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-   -   MFX - Frequency resonance (http://www.cfd-online.com/Forums/cfx/24727-mfx-frequency-resonance.html)

Sandman October 25, 2007 09:15

MFX - Frequency resonance
 
Hello everybody,

I did the tutorial of a piezoelectric micropump described in "Multi-field Analysis Using Code Coupling" and I have two questions:

1) When I change the fluid to water, the simulation returns an error of negative volume element. Could anybody explain it?

2) I tried to excitate the piezoelectric ceramic in its frequency resonance applying a sinusoidal voltage input, but the model doesn't change its behavior, no matter what frequency. Is it possible to do it?

Thanks!

KUMAR October 25, 2007 14:36

Re: MFX - Frequency resonance
 
1) The negative-volume indicates a folded-mesh (collapsed cell faces). This may happen if your mesh suddenly moves a particular location with unphysical values. There can be several reasons for this, e.g. unconverged solution-fields at the time of mesh motion, messed-up boundary conditions or physical properties, very large time-steps, bad-value for mesh-diffusion coeffcient (or mesh smoothing coeffcient). Check all of these one by one for your case.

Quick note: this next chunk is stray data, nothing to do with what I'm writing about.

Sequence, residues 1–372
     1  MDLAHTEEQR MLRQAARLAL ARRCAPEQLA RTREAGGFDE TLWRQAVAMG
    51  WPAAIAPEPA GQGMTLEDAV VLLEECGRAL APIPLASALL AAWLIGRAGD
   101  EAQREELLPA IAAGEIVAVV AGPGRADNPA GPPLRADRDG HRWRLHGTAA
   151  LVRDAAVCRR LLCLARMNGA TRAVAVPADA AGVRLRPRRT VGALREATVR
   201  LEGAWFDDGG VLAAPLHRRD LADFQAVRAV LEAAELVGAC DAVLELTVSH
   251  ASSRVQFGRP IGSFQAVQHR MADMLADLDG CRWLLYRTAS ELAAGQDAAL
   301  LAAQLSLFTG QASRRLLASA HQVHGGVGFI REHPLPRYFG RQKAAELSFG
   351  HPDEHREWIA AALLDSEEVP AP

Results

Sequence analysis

Are you coupling CFX with ANSYS? If yes please let me know where one can find this tutorial. I want to see how one can apply votlage input in a structual analysis. Do you have some special elements for electrodynamics equations? I guess your second question is not for CFX users rather for ANSYS FEA users.

Sandman October 26, 2007 17:30

Re: MFX - Frequency resonance
 
There is a tutorial in ANSYS' help, under the topic 'Coupled-Field Analysis Guide' (here: "Coupled-Field Guide -> Chapter 4. Multi-field Analysis Using Code Coupling -> 4.4. Example Simulation of a Piezoelectric Actuated Micro-Pump"), that explain how to model a piezoelectric pump using CFX and ANSYS.

About the first question, I agree with you about the reasons to cause negative volume elements, but I still don't understand what is wrong in this particular example. All I did was to change the fluid to water. All the rest (mesh, boundary conditions, time-steps, ...) is the same as the example.

What you're looking for is element SOLID5 (structural and voltage dofs).


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